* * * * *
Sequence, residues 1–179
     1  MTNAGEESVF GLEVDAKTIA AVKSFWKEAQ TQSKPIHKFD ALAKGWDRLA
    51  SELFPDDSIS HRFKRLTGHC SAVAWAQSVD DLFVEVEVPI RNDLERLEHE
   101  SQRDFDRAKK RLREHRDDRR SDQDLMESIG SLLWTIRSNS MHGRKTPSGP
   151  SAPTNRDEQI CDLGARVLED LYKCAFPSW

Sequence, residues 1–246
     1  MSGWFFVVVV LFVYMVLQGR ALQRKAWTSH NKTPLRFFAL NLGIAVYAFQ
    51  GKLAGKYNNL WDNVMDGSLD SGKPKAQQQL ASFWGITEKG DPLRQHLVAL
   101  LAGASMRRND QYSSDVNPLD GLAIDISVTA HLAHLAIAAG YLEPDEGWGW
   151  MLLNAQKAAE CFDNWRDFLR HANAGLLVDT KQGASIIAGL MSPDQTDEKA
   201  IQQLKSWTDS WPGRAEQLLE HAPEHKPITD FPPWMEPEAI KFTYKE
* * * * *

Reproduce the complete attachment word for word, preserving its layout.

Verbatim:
Sequence, residues 1–179
     1  MTNAGEESVF GLEVDAKTIA AVKSFWKEAQ TQSKPIHKFD ALAKGWDRLA
    51  SELFPDDSIS HRFKRLTGHC SAVAWAQSVD DLFVEVEVPI RNDLERLEHE
   101  SQRDFDRAKK RLREHRDDRR SDQDLMESIG SLLWTIRSNS MHGRKTPSGP
   151  SAPTNRDEQI CDLGARVLED LYKCAFPSW

Sequence, residues 1–246
     1  MSGWFFVVVV LFVYMVLQGR ALQRKAWTSH NKTPLRFFAL NLGIAVYAFQ
    51  GKLAGKYNNL WDNVMDGSLD SGKPKAQQQL ASFWGITEKG DPLRQHLVAL
   101  LAGASMRRND QYSSDVNPLD GLAIDISVTA HLAHLAIAAG YLEPDEGWGW
   151  MLLNAQKAAE CFDNWRDFLR HANAGLLVDT KQGASIIAGL MSPDQTDEKA
   201  IQQLKSWTDS WPGRAEQLLE HAPEHKPITD FPPWMEPEAI KFTYKE